Alex Soojung-Kim Pang, Ph.D.

I study people, technology, and the worlds they make

The Nutcracker

Don’t get what I’m about to write wrong. I love culture. I pledge to KQED (or, well, my wife does for the household), I used to drive a Volvo, and my household has got tons (literally tons, as the last moving company that we hired will tell you) of books.

I also think it’s great that my daughter loves to dance, though Angelina (the mouse) and Zoe (the Sesame Street character) are more her models than Nijinski (which, now that I put it that way, I realize is perfectly fine). Still, at her age, a fascination with ballet is entirely appropriate, and I justify the classes to myself on the same grounds that all parents who enroll their girls in ballet but want them to become surgeons use: it’ll build grace and elegance, and all our friends are doing it, too.

But I think I’m about to get into something that’s over my head. As the winter season begins, the notion of holiday theatricals begin to float through the air. None I suspect, is as ambitious, or can ask so much of parents, as “The Nutcracker.”

My daughter is an angel in it. And of course, all my daughter’s friends are in it, so she can’t not be part of it.

Light is just beginning to dawn on the reality that this is going to be a lot of work.

The performance is in December. We’re already getting pieces of a rehearsal schedule that looks like the SAS training program at Hereford, and it’s just the end of September. In addition to whatever commitments we’ve fallen into to take her to extra rehearsals, there’s the backstage stuff, the need to help sell tickets, etc., etc.: a replay of all the stuff you had to do for high school plays, except you no longer can fob some the work off on your parents.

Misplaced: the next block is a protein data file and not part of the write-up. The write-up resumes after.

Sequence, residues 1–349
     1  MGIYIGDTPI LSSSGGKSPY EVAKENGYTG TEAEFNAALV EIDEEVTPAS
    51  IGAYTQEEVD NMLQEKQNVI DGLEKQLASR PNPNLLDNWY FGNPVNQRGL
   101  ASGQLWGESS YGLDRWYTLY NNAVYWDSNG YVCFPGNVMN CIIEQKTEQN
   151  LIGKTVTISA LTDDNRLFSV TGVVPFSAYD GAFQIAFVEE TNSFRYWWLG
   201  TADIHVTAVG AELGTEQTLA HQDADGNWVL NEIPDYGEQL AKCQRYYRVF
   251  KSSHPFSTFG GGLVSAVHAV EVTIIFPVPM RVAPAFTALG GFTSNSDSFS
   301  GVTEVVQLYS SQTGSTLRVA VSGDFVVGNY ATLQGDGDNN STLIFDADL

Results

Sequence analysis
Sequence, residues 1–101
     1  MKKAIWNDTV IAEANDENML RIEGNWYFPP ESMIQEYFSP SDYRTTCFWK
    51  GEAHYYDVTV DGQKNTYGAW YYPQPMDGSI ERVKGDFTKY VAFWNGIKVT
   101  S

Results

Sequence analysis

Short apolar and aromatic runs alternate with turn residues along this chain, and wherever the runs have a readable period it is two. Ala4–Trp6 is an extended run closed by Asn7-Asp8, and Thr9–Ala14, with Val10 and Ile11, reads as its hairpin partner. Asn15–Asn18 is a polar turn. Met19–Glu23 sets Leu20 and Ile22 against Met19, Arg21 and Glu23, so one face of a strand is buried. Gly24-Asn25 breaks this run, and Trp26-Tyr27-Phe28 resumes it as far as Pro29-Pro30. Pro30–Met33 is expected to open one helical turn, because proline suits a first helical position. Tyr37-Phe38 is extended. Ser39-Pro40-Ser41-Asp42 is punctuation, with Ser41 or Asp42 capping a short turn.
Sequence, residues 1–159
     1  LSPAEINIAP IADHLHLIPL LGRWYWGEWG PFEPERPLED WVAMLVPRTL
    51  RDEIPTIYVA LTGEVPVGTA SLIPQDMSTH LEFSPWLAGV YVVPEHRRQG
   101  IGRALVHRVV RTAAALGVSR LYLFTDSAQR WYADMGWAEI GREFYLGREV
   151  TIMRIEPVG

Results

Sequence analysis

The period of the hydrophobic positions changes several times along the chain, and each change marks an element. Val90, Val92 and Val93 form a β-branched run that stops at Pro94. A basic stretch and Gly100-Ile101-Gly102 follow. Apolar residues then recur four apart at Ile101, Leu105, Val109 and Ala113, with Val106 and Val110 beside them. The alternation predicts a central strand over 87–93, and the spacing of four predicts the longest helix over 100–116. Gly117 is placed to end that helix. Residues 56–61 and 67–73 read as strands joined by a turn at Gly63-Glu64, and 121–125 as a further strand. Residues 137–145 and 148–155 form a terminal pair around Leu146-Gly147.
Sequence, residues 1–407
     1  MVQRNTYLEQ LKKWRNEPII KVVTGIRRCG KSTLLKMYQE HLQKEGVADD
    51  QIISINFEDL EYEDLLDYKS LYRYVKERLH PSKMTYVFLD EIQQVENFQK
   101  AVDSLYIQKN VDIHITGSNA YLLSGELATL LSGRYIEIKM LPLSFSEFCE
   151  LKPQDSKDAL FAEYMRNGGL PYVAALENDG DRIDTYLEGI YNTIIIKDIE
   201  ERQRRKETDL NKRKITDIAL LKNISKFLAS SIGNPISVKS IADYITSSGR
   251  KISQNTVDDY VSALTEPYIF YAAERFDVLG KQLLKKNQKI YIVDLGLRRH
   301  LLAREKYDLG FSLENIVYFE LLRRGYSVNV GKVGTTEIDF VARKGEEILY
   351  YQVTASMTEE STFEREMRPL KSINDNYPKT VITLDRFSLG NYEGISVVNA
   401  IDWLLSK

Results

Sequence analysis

Last night we had to think up the names and addresses of ten people who might want to buy tickets. Of course, part of me chafed (do I know ten people?), but I also don’t want the theatre to be empty. Friendster and viral marketing people have no clue compared to those who put on ballets featuring elementary school-age children.

But since I love my daughter, and want her to be able to look back fondly on the time when she was an angel in a holiday production of one of the most famous ballets of all time (rather than, say, think about how all her friends got to be in it while she had to watch– a memory that bubbles up right before she slashes my tires on the way to her weekly therapy), I have no choice, I must obey. Now I know why it’s called “the nutcracker.”

Anybody interested in tickets?


  1. Me, me, me! It’s already on my calendar!

  2. I was a mouse in the Nutcracker when I was about 12 years old. It is one of my fondest memories. The hour drive to rehearsals is not one of my mom’s favorites!

    Your daughter will thank you some day.

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